IR measurement is conducted using the four current pulses. Resistance for each cell is calculated in all four discharge phases. Shown values are averaged to cancel out different temperature points due to different discharge states during measurements.
Interpretation: The internal resistance of 3.47 mΩ average per cell indicates a „true“ C-rating of around 34 C (50.9 A). This is on the conservative side and represents a current draw that will make the pack last for a long time. See load testing for further categorization. This categorization helps explaining the heavy voltage sags as the first load impulse (75 A) and the second cycle (52,5 A) go way beyond what should be demanded from this pack (even if both pulses a within the claimed specs).
Cell drift under load
|Discharge Phase||50 C||35 C||20 C||30 C|
|Max Cell drift (V)||0,126 V||0,076 V||0,061 V||–|
Cell drift is strong especially on first discharge pulse (50 C) as this simply goes beyond the packs real capabilities.
Key Temperature Facts
Max. temp during discharge was around 60,4 °C on side of pack. This would have resulted in a cut-off, but cell voltage rule has been applied just a little before that. Note that heating of stressed LiPo packs will continue for some more time even when load is cut. This pack has to be cooled down actively immediately as temperature was on its way to 70°C.
The following chart shows all reviewed LiPos in the same product segment for direct comparison of performance. Higher values under load are better.
Constant 25 C Discharge
Pretty much a standard benchmark in the LiPo industry.
Cut-Off /warning value for this battery should be chosen 3,5 V minimum. After this point voltage drops quick. The battery provided 995 mAh (66,3 %) during the 25 C discharge.
Comparison of different reviewed 1500 mAh batteries under 25 C load.
Dynamic Load Testing
The dynamic load testing setting consists of two separate discharge scenarios that have been developed of two different real-life FPV flights. Pattern one represents a high speed low proximity flight around the open field with some hovering to the end. Average load is around 22 A. Second pattern is a free-style flight around trees in the park with some current spikes near 70 A. Average load on this flight is around 13 A due to longer floating periods.
During the test of pattern 1 the pack delivered 1018 mAh. This is 67,8 % of nominal capacity. Still a good value. In patter 2 testing 1022 mAh (68,13 %) could be used until first cell reached cut-off voltage.
The following charts give an overview of all tested packs in the 1500 mAh class so far.
The last chart of this review sums up the usable capacity during all four load scenarios. Please note that this is only the capacity consumed by the electronic load! There are losses due to heating of the pack, which could be approximated (see testing methodology page). All four tests are cut when any cell goes below cut-off voltage of 3,3 V (or pack goes above 58 °C on any of the three probes). If you would push further and go down to 3,0 V/cell you will be able to squeeze out some mAh more, but at the cost of excessive heat generation and shortening of pack life-span. This value will most likely differ from what you get when flying on a quad as most people don’t monitor voltage on a per cell basis and therefore don’t even notice if voltage drops below 3,3 V/cell during punsh-outs (what’s not necessarily a good thing, though). For comparison, used capacity until 3,3 V/cell is reached is the base line in all battery reviews on Drone-Zone.de.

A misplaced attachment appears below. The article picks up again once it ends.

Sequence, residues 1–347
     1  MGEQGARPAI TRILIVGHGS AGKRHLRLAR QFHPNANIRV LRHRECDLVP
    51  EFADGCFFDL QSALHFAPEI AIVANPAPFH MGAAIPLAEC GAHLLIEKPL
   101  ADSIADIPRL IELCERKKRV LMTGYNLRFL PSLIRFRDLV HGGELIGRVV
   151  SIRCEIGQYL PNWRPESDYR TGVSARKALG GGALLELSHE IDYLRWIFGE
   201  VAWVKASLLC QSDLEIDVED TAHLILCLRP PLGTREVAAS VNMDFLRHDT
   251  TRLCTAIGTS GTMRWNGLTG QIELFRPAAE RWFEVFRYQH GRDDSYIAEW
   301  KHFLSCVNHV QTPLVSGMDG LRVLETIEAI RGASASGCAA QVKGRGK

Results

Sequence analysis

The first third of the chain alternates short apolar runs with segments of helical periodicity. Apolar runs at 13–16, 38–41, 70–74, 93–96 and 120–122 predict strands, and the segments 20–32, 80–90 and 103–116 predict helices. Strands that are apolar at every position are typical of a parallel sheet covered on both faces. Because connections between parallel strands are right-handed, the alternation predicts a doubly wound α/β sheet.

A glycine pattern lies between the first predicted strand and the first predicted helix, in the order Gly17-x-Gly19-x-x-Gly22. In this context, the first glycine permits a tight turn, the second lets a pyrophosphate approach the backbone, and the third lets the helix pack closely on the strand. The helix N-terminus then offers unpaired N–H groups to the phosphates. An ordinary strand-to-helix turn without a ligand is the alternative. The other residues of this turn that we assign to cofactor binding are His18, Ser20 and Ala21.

The DroneLab 4S 1500 mAh 50-100 C battery is a usual sized pack with a nice capacity to weight ratio of 9.4 mAh/g. The measurements are standard for the 1500 mAh class. Overall build quality is good. The design is best described as modest. Perfect for everybody looking to put a black pack on there full carbon style mini quad! Voltages drop quiet happy under bigger loads. As most of the packs in this performance class the C rating is a little over the top. If long term continuous currents are needed, make sure to stay within the real rating of around 34 C. Otherwise the pack will have trouble to keep up with demanded currents. You will see excessive heat development (over 60 °C if not cooled properly) and voltage sags a lot. Once cell voltage goes below 3,5 V its time to come in for landing quiet fast for sure. Pricing of the DroneLab 4S 1500 mAh 50-100 C battery is still interesting. For around 20 € this pack is highly competitively priced and costs almost the same than the 1300 mAh version of the DroneLab family. If you need the extra capacity and only handle medium currents (well within the 34 C maximum) go for this pack. Don’t expect it’s performance to scale linearly compared to the 1300 mAh version, though. For the price tag this pack is still worth it!
Other packs of this line up tested: